ISBN-13 : 9781760291686
ISBN-10 : 1760291684
Language : English
Published : 2016-07-01
Pages : 376
The first edition of Southeast Asia: An introductory history was published in 1979 and immediately filled a need for travellers and students interested in a tantalisingly different part of the world. Subsequent editions (translated into Japanese, Khmer, Korean and Thai) have continued to document with great perception the enormous changes and dramatic growth experienced in the region. Dr Milton Osborne has been a resident, student and fascinated observer of Southeast Asia for over 50 years. This familiarity has resulted in a highly readable and lively chronicle. While giving due regard to the early history of the region, Osborne concentrates on the changes that have taken place since the eighteenth century: the impact of colonial rule, economic transformations of the 19th and 20th centuries, the emergence and triumph of the independence movements, the impact of social change and the pivotal roles played by religion, ethnic minorities and immigrant groups. He also provides an introduction to the art of the region and a comprehensive guide to literature about Southeast Asia. Clearly written and extensively illustrated this twelfth edition of Southeast Asia: An introductory history remains a classic in the field. ‘While deepening our understanding of Southeast Asia, this fine introduction reminds us of the importance of history itself. ‘ – Anthony Milner, Basham Professor of Asian History, Australian National University
ISBN-13 : 9781760291686
“If Heaven had not given birth to Confucius (alias Zhong Ni), the ages would have been a long, long night.” Confucius was a man who truly believed in learning, and he himself pursued learning all his life. He was convinced that learning was for the purpose of serving the government and, ultimately, serving the people. Confucius was also a dedicated educator who taught everyone without discrimination. Unable to reinstate li in the governance of his homeland, he ignored convention by teaching privately so that his learning could be passed on. It is said that Confucius had over 3,000 students. He was revered in later ages as the “Sage Teacher”. He wrote the noteworthy Spring and Autumn Annals and compiled many other notable works. Most importantly, he was a great thinker. During his life, he worked to reform and create a peaceful world. Today his thinking, known as Confucianism, is still a great source of inspiration for many people.
Unveil the secrets of the Chinese palace. Learn about behind-the-scenes-and-screens intrigues of the various dynasties of China in the great halls and buildings of the palace complex. Meet the occupants of the palace: the emperors, empresses, imperial concubines and siblings, eunuchs and many others, and find out how the notable ones altered the course of history.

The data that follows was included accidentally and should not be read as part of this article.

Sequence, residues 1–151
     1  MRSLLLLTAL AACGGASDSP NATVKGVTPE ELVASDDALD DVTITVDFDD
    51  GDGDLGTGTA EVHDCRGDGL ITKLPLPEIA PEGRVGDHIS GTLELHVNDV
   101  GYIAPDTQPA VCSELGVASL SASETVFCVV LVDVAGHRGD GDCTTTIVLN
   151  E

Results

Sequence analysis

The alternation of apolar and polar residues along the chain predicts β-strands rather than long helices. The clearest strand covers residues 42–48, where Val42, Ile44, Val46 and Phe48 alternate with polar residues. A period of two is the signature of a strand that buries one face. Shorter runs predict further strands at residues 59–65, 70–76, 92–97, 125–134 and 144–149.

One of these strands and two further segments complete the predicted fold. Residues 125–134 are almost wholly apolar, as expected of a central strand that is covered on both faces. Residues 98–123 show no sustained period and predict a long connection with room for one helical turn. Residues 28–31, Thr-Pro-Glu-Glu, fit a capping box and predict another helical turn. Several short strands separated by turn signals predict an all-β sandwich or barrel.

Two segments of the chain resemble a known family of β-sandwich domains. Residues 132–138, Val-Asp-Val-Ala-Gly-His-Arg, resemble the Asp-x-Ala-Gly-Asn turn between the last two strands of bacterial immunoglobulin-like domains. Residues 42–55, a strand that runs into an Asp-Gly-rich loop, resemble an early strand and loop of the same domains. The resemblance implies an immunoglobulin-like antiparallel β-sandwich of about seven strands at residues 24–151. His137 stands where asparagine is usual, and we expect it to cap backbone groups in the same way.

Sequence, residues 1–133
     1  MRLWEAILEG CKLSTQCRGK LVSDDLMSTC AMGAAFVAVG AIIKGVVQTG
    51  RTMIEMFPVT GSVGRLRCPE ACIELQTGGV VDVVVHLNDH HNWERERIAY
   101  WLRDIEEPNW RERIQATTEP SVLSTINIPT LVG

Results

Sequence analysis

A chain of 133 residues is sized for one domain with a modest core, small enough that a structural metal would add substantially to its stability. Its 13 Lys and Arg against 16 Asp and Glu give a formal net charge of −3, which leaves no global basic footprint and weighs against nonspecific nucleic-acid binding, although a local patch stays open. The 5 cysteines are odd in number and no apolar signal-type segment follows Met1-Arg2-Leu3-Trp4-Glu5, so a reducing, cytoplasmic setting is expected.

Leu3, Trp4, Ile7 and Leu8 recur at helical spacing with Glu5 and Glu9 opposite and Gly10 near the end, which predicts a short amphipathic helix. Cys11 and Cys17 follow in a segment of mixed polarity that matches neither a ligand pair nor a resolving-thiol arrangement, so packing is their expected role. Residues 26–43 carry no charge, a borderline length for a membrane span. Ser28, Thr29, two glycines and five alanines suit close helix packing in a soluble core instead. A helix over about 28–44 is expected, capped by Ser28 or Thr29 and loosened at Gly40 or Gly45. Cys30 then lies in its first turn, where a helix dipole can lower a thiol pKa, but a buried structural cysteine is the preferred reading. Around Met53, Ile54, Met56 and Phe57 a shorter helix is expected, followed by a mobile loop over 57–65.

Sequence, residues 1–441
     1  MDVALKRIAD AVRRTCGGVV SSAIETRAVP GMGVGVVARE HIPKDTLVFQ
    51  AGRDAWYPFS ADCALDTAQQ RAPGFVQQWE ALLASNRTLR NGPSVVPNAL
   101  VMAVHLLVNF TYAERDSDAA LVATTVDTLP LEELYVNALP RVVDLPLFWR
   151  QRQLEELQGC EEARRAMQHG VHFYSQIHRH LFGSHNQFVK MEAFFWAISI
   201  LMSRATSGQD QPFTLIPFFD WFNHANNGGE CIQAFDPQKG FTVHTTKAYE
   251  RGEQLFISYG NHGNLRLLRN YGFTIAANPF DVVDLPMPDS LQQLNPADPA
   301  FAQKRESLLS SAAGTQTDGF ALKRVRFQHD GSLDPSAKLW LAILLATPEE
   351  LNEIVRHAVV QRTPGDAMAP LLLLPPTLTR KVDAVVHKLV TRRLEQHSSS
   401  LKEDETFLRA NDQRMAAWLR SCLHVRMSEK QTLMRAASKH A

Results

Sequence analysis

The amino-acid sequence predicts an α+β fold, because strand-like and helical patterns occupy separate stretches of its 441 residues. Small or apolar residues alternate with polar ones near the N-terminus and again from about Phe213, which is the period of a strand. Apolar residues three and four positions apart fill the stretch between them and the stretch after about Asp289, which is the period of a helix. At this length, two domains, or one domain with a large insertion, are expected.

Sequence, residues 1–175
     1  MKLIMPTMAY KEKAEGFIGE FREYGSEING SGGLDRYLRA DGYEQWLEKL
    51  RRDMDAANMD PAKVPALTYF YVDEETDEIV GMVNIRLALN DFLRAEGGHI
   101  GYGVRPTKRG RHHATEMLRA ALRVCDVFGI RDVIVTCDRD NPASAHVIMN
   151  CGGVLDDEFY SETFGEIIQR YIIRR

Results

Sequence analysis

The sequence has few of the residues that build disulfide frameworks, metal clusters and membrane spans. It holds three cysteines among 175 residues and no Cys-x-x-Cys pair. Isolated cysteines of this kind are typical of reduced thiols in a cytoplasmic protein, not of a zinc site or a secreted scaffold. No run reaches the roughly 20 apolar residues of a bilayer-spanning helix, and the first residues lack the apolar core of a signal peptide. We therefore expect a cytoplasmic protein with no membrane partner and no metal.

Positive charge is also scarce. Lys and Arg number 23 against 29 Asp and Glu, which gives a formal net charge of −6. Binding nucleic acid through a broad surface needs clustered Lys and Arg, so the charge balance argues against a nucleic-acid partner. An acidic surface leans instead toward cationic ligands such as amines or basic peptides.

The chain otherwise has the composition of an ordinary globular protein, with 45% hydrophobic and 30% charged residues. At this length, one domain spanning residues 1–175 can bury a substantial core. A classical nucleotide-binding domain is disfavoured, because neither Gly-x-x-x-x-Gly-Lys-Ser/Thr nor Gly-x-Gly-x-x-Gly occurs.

He ended the Warring States Period. He unified China. He created the mammoth Great Wall. He standardised the Chinese written script. He had roads and carts standardised across the land, way before the modern concept of mass production was born. But he also did many things that would send shivers down your spine. He is none other than Qin Shihuang, the visionary First Emperor of the Qin Dynasty. Synonymous with the Qin Dynasty, Qin Shihuang was able to set up this empire by building upon the firm foundation laid by his illustrious ancestors. In reality, he consolidated their efforts and completed their work. Unfortunately, due to Qin Shihuang’s oppressive rule, the Qin Dynasty fell apart just four years after his death. Nevertheless, its influence far outshines its own 14-year existence. Therefore, knowledge of this dynasty is crucial to understanding China and her cultural tradition.
We know him best as the founder of modern Singapore. He was instrumental in bringing about the island’s development into a free port. Yet, how much else do we know of the life of Sir Stamford Raffles? And what of his other achievements? For instance, few are aware of the following:
- He was from a poor family and had to leave school after just two years of study.
- At a young’s age, he became the main breadwinner for the family.
- He learnt to speak Malay at a time when few other English officials could speak the language.
- In Bencoolen, he liberated the African slaves imported by the the government and even built a school for their school.
Learn more about this pioneer orientalist, humanitarian and naturalist. Here, at last, is an insight into the public and private life of Raffles, a man of vision who was way ahead of his contemporaries in his thinking and entrepreneurial spirit.